When I was a kid, there were two people I wanted to be: Bruce Wayne and Sherlock Holmes. I idolized these two heroes because of their planet-sized intellects, their use of science and logic to solve crime, their almost egotistical level of self-confidence, and above all, their unparalleled detective skills. I would, literally, train myself by solving hundreds of logic puzzles in order to one day become as good a detective as Sherlock and Batman. I even pursued a career in science because it gave me a chance to use my detective skills to solve biological puzzles that no one in the world has figured out yet. And even today I still read Sherlock novels and I occasionally tap into my collection of Batman comics. Not to mention I’ve expanded to the likes of ColumboThe Question, and Nero Wolfe.

So I hope you can guess that I approached my entry into the vinyl scene with that detective mentality. When I started I had nothing more with me than some vague ideas and a few preconceptions, and now I am striving to reach “Sherlock Holmes Status” (otherwise known as “The Bruce Wayne Directive”).

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“Yes, I have been guilty of several monographs. They are all upon technical subjects. Here, for example, is one ‘Upon the Distinction between the Ashes of the Various Tobaccos.’ In it I enumerate a hundred and forty forms of cigar, cigarette, and pipe tobacco, with coloured plates illustrating the difference in the ash. It is a point which is continually turning up in criminal trials, and which is sometimes of supreme importance as a clue.” (Sherlock Holmes in “The Sign of Four”)

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Level I: Knowledge

This is the very first step to reaching Sherlock Holmes Status. You have to accrue as much knowledge about the field as possible. I do this on a daily basis regardless of the topic. In science, I make sure to scan the vast literature for new discoveries and I’m always reading publications as they come out. For music, I read blogs and books, I follow up on DJs I respect, and I constantly use my record collection as a springboard for research. If you give me a soul artist’s name, then you can rest assured that by that night I would have searched the internet or any books I have lying around for her singles, what albums she’s dropped, who she worked with, what label she favored, and any memorable and noteworthy anecdotes in her life.

But it’s not enough to just have breadth, to reach “outwards” and accumulate tons of facts. Your knowledge base has to have depth as well; it should reach “downwards”, deep into the subject matter. It’s not enough to know that to get sound out of a record you have to put the needle down on it and have your speakers turned on. In order to reach Sherlock Holmes Status, you have to know how the needle translates those tiny bumps in the groove into sound. If you don’t know then you were like me a while back. So figure out how your record player works by doing some research, or ask me if you see me, or better yet ask someone who really knows and takes apart turntables like lego pieces (which is what I did to find out myself).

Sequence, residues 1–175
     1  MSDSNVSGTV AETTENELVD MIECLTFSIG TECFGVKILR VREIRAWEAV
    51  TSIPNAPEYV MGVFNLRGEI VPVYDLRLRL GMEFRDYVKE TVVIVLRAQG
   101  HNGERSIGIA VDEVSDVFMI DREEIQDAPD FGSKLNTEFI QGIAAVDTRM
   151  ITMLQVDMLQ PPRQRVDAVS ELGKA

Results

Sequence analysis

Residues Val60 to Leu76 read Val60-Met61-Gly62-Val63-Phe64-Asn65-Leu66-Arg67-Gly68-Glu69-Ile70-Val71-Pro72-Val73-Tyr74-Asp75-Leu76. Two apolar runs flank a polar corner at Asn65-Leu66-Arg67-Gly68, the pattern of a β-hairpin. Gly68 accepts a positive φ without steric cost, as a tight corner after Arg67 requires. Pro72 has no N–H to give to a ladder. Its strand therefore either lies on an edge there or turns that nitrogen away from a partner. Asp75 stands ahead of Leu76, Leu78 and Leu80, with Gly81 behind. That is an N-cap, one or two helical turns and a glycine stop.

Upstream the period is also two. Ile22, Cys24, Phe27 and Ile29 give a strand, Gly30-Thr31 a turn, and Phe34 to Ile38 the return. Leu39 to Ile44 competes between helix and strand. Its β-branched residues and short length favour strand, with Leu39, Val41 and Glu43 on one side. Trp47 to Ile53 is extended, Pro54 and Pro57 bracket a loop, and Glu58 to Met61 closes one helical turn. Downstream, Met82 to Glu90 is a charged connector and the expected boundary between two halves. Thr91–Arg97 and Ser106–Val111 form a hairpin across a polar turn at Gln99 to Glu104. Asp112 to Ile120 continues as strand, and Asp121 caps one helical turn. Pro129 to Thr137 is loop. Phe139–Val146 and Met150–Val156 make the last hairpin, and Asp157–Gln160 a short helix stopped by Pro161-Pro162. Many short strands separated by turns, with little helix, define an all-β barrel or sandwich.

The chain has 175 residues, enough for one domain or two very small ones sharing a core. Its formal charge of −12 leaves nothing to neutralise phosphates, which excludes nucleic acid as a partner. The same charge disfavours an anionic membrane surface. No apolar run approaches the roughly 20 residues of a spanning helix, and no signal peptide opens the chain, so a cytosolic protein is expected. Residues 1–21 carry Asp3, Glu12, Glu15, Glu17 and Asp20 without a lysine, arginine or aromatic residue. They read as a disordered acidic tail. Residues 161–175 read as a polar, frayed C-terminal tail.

And this brings me to an important point. I know that reading books and blogs is not enough when it comes to something like music, which is, almost by definition, social. You have to talk to people. Just make sure you consult with the experts, i.e. those people who have been in the scene for far longer than you have and are holding on to gems of knowledge. Do not be afraid, but always be respectful.

And most importantly, I listen to music constantly. While I work, when I wake up, before going to sleep. I’m always humming, or singing, or whistling, or nodding my head to some song that’s stuck in my head. Aside from knowing the people and the history behind the music, you have to know the music itself. Hell, I’m jamming right now as I write this.

In essence, I have just outlined the recipe for reaching Level I, and I follow it religiously. I read blogs, books, or anything I can get my hands on (here is a student’s honor’s thesis on Lavell Kamma that I was turned onto by reading up on The FUNKY16CORNERS blog). I ask questions and I spend my weekends at the record shop chatting with Dick about music (the man is an encyclopedia). I even looked at my needles under a microscope to understand the intricate details of the design (lab perk). And even with all of that, I have not even come close to scratching the surface, and I wouldn’t say I’ve reached Level I.

But here’s the best part.

Even when I do reach Level I, I can never leave. This part of the quest is ongoing and never ending. And, as my mentor would say,  I have to always keep a baseline state of “I Don’t Know” while I continue to accrue new knowledge.

Stay tuned for Level II.

“The Science of Deduction and Analysis is one which can only be acquired by long and patient study”. (Sherlock Holmes)